Wednesday, November 3, 2010

Is the Resume Dead?

I often have commented in blogs and guest posts why it is important today to speak to and about your accomplishments.  Fact is companies want to know what you have accomplished not just what jobs you have held.  Your past accomplishments are an indicator of how you will perform in the future.  So in this hotly competitive job market, you must “stand out” and be “outstanding.” Yet it is well to be aware that the bar on job search is rising.  

The resume is no longer the primary means for getting considered for a job.  The race to hire the best is stepping up.  Companies are no longer just relying on what you tell them through your resume and cover letters.  Companies and recruiters are heading straight to Google, Bing, Blekko and other search engines to see what you are truly up to and how large is your web footprint.

So you say, “how do I become visible and what can do insure a visible presence in cyberspace?”  Is the resume a relic of the past.  The short answer is no.  But the resume today is only one of several means of highlighting you as a brand.  Here are some other ideas:

1. Distinguish yourself.  As the U.S. Army’s 1986 recruiting slogan said, “Be all you can be.”  If you have a job you love, do it well and exceed expectations.  People love a winner. And if you are a winner at what you do, people will talk! 

2. Pay it forward and pay it back.  If you have been helped by others, reciprocate.  There are countless non-profit organizations in the world who can benefit from the gray matter between your ears.  And in the process of helping them, you may just receive some recognition that ends up in cyberspace. 

3. Create your own content, particularly if you have a point of view, “the gift of gab,” and/or can offer wisdom to the masses or at least those with an interest.

4. Develop and curate a blog that focuses on a topic about which you have a passion and are a thought leader.  People love stories.  So employ the art of storytelling in your blog as a way to make it interesting and compelling.  And keep in mind that the end game with blogging is to educate, enlighten, entertain or enrage.

5. Set up a “Topic-based Twitter” moniker.  If your passion is deep sea diving, set up a twitter account like @deepdivedan and focus all of your tweets on everything someone would need to know to be a “deep diver,” including  the who, what, where, when and why of diving.  At some point folks will recognize your passion and expertise and wait for your next 140 characters to learn something new or be enlightened.  Furthermore, your tweets forever become part of the cyber stream and likely show up in a web search.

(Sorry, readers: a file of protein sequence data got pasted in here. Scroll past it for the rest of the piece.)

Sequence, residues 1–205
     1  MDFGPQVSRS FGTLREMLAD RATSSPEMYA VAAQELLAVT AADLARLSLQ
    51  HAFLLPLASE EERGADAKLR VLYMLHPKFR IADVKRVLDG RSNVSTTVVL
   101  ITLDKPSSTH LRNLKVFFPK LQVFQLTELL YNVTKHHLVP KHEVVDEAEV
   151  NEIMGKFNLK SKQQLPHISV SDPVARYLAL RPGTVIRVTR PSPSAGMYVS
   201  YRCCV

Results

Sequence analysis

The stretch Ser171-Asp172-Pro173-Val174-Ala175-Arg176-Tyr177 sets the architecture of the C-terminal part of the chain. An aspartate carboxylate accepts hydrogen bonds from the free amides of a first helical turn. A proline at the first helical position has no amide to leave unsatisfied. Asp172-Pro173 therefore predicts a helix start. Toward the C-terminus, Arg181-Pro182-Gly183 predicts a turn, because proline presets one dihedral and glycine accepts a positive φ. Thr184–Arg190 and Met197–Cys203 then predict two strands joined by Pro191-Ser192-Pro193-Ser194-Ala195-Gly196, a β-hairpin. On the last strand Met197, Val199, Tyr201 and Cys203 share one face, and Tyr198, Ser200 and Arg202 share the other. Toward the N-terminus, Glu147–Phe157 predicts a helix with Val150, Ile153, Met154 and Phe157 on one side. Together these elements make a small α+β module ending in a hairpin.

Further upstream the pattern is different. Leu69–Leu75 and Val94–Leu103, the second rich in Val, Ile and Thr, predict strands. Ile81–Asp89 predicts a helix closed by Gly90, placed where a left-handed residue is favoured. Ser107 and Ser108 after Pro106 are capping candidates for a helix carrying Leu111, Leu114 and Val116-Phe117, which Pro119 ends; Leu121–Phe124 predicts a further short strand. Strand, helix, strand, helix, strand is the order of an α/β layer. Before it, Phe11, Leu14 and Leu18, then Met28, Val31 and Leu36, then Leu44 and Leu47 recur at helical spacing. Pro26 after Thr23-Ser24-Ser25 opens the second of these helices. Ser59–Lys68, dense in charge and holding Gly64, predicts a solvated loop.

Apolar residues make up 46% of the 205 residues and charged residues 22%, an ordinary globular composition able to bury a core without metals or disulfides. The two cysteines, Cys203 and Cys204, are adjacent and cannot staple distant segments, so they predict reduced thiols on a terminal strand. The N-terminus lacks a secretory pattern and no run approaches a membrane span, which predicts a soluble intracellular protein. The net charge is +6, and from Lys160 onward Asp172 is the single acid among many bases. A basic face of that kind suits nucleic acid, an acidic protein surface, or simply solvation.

6. Answer the question.  Take advantage of the Q&A platforms on social platforms like Facebook and Linkedin and answer questions in your area of expertise or sphere of influence.   Over time your connections and acquaintances will recognize your knowledge and come to respect your wisdom.  Your reputation is likely to precede you.

7. Take control of your content.  There are many websites out there that trawl the internet, gathering, storing and then presenting information about as many people as possible.  No doubt you will have a profile somewhere on,,, etc.  Many of these websites allow you to take control of your ‘contact card’ and choose what is displayed. Delete any errors and create a profile that is accurate and compliments your career.

8. Using social networks such as LinkedIn, Facebook or Xing is a key component to establishing your personal brand online. Each or these websites are highly ranked by search engines, so a profile created on these platforms will rise higher in search results than other lesser used information platforms.  It is also a great way to compete with others who may have your same name.  A noted of caution:  Take time to develop your online profiles; you cannot simply replicate your resume. You must concisely portray your key professional and personal accomplishments with an executive summary that immediately draws interest from industry leaders, hiring managers and executive recruiters.

9. Employ the best of Google!  Google has a profiles option which is integrated with the rest of Google’s expansive list of programs such as Gmail or Google Reader (a must have RSS reader). Having a Google profile will help you get another link found by search engines, and beat that rival executive with the same name.  Visit to create an online profile much like Linkedin or Facebook – because of the high visibility in Google’s own search engine, I would suggest keeping personal info out and making it a professional extension of your personal brand.

10. Create a portfolio or presentation about you employing the SlideShare Platform (  SlideShare is an online service used to host presentations online, and share with internet users worldwide. SlideShare is a great way to establish yourself as an industry leader by sharing presentations demonstrating your knowledge and helping readers to learn from your experience and see your content first hand.  Create a personal branding presentation similar to a C.V. or resume. Include links to company websites and other content that is relevant to your personal brand. Outline your professional history, include photos and videos to tell your story, and start with a clear executive summary. Lastly, publish it on your LinkedIn profile by visiting the LinkedIn home screen, scroll to the end of the right column and choose Slideshare presentation from the ‘add application’ button.
Think outside the resume!  The bottom line is that a presence in cyberspace can be a “third party” validation of who you are, what you have done, who you have helped and the value you bring to your environment and those with whom you associate.  And increasingly the footprint or “cyberprint” you leave can be the trail to your next opportunity.  

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